Why doesn't Mac OSX delete unnecessary files after removing programs?

Discussion in 'macOS' started by LoganT, Aug 17, 2009.

  1. LoganT macrumors 68020

    Joined:
    Jan 9, 2007
    #1
    It seems that whenever I uninstall an application, there is always an empty folder of the program I uninstalled in Library>Application Support and possibly others. Why wouldn't OS X delete those automatically after I uninstalled them? They obviously don't take up too much space cause it's just an empty folder, but why doesn't os x automatically delete it?
     
  2. richard.mac macrumors 603

    richard.mac

    Joined:
    Feb 2, 2007
    Location:
    51.50024, -0.12662
    #2
    youre not uninstalling the application you are just moving them to the Trash i presume? some applications that use installers provide a uninstaller or script.

    AppCleaner provides a feature called SmartDelete that monitors the Trash and searches for an application's other filess if dragged to the Trash.
     
  3. LoganT thread starter macrumors 68020

    Joined:
    Jan 9, 2007
    #3
    Well, I use AppZapper. I believe it deletes the stuff inside the folder like the .plist file, but doesn't delete the folder it was contained in. It might be for security reasons.
     
  4. LoganT thread starter macrumors 68020

    Joined:
    Jan 9, 2007
    #4
    AppCleaner is free, I'm going to try it out. People on iusethis.com say it's better than AppZapper.
     
  5. richard.mac macrumors 603

    richard.mac

    Joined:
    Feb 2, 2007
    Location:
    51.50024, -0.12662
    #5
    its pretty much the same but i find it better as it has the SmartDelete feature and is free.
     
  6. RemarkabLee macrumors 6502a

    Joined:
    Nov 14, 2007
    #6
    Maybe when someone re-installs an application they'd like to have their preferences and other files in tact? The majority of people would vote for application settings familiarity over the need to worry about how little space is occupied by such files.
     
  7. old-wiz macrumors G3

    Joined:
    Mar 26, 2008
    Location:
    West Suburban Boston Ma
    #7
    How would OSx know what files an application has generated? App Cleaner keeps a database and is not perfect anyway.
     
  8. squirrelist macrumors regular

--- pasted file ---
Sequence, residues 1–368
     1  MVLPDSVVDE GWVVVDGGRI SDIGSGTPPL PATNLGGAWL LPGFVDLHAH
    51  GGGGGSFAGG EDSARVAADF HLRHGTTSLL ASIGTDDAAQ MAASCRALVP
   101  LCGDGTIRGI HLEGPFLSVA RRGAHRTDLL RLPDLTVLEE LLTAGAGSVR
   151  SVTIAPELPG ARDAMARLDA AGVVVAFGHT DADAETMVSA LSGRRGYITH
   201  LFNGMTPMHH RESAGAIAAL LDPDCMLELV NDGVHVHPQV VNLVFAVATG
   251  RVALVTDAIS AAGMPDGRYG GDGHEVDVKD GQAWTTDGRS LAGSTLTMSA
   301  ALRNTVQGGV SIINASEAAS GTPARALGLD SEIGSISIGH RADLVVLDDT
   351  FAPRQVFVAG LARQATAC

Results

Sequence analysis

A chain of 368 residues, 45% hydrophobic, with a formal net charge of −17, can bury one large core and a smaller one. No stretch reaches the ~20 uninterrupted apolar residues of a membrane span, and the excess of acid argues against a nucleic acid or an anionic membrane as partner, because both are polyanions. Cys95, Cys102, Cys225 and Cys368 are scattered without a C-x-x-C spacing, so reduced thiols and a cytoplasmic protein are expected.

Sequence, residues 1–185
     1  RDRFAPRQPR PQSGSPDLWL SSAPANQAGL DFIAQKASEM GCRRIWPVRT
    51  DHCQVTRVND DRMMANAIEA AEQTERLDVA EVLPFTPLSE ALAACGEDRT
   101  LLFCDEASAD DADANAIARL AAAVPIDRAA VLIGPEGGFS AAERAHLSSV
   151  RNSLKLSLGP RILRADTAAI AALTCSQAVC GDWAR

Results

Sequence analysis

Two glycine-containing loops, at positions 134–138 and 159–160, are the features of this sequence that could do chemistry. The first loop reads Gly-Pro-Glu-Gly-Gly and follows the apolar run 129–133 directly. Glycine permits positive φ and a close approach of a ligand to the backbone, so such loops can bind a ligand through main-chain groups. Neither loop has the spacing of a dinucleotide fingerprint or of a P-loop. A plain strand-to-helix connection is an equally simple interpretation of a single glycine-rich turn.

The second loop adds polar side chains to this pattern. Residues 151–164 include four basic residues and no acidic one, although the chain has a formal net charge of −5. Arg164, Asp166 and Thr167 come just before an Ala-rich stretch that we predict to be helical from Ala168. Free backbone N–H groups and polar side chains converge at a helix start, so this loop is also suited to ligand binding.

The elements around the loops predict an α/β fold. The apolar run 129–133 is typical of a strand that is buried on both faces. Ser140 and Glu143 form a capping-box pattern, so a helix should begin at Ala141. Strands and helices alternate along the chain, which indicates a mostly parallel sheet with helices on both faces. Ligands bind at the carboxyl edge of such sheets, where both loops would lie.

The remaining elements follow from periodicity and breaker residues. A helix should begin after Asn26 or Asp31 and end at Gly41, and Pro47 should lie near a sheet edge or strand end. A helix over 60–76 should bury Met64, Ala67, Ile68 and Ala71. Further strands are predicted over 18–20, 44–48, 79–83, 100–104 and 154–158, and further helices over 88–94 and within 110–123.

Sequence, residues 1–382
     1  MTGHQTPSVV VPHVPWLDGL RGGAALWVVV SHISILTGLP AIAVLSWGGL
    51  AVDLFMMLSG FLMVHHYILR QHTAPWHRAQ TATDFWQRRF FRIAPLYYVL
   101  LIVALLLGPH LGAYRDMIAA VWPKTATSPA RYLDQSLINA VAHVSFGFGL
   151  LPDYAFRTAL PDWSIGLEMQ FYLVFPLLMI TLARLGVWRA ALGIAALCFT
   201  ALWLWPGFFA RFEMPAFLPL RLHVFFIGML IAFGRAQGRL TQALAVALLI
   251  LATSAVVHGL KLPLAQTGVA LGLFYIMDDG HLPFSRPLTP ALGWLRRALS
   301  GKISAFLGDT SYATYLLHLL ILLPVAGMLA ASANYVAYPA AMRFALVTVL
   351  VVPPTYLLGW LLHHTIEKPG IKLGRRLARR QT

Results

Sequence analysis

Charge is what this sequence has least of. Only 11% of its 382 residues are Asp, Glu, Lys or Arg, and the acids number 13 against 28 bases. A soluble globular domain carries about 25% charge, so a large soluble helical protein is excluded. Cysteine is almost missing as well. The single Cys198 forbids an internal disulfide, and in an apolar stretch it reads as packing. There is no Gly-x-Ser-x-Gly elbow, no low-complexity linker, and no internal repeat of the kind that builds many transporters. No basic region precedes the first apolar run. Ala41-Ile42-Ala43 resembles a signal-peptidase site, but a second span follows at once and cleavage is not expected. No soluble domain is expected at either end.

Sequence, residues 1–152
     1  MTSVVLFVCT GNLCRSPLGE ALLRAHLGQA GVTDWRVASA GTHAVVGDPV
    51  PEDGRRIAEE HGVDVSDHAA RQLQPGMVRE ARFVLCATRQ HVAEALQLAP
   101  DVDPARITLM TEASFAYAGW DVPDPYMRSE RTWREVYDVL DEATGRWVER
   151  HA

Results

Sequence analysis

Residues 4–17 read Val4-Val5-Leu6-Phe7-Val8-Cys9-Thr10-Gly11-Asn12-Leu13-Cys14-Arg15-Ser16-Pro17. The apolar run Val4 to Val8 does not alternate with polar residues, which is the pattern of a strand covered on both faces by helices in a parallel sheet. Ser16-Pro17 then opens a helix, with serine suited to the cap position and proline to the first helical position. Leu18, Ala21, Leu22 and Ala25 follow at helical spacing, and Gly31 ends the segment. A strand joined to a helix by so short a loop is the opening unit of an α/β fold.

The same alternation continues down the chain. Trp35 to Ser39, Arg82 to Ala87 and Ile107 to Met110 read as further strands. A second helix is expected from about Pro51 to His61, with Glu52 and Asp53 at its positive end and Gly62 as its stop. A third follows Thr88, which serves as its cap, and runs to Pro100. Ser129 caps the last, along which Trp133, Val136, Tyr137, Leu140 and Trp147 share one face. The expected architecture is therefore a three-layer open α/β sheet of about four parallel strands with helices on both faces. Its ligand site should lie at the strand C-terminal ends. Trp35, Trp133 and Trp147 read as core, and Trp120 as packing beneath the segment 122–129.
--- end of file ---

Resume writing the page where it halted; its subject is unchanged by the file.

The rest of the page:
squirrelist

    Joined:
    Jun 27, 2006
    Location:
    Silver Spring MD
    #8
    While it would be possible to delete the settings files for the current user and the system, you would have to go into root access to delete settings for other users on the machine. Seems dangerous to me. Try AppZapper or AppCleaner (free) if you want the files for your own account and the system (if you have access) automatically.

    From my experience it doesn't keep a database. When you drop in a .app bundle called "X Program" it searches your drive for all files and folders also called "X Program" and gives you the opportunity to any of them.
     
  9. Richard1028 macrumors 68000

    Joined:
    Jan 8, 2009
    #9
    No database. I don't even think AppCleaner searches the entire drive either. It just removes the "app" file and then searches common library folders for ancillary files that may have been created. It won't for instance remove all the components of a complex install (like microsoft office if memory serves).

    Removing an OSX app is still 100 times more reliable than Windows though.
     
  10. maflynn Moderator

    maflynn

    Staff Member

    Joined:
    May 3, 2009
    Location:
    Boston
    #10
    You can't beat drag and drop. The downside is the fact that apps start puking out various files in ~/Library and even in /Library. Regardless the stuff that's left around is typically harmless and easily removed either manually or using appzapper.
     
  11. Richard1028 macrumors 68000

    Joined:
    Jan 8, 2009
    #11
    Yep. When uninstalling apps in my windows days it usually involved manual registry deletions, a prayer and a pint of whiskey.

    With OSX, I could care less if a dead file is left behind every now and then. When I do find it though, chances are it's not needed (like a windows DLL file lurking in the system folder for example).

    Life is much more simpler for me these days and I stay sober. :D
     
  12. kashkha macrumors member

    Joined:
    Apr 20, 2009
    #12
    It may be harmless, but it can be annoying. The trial version of Coda left a workflow in my services menu which I can't figure out how to get rid of. Anyone have any idea how?
     

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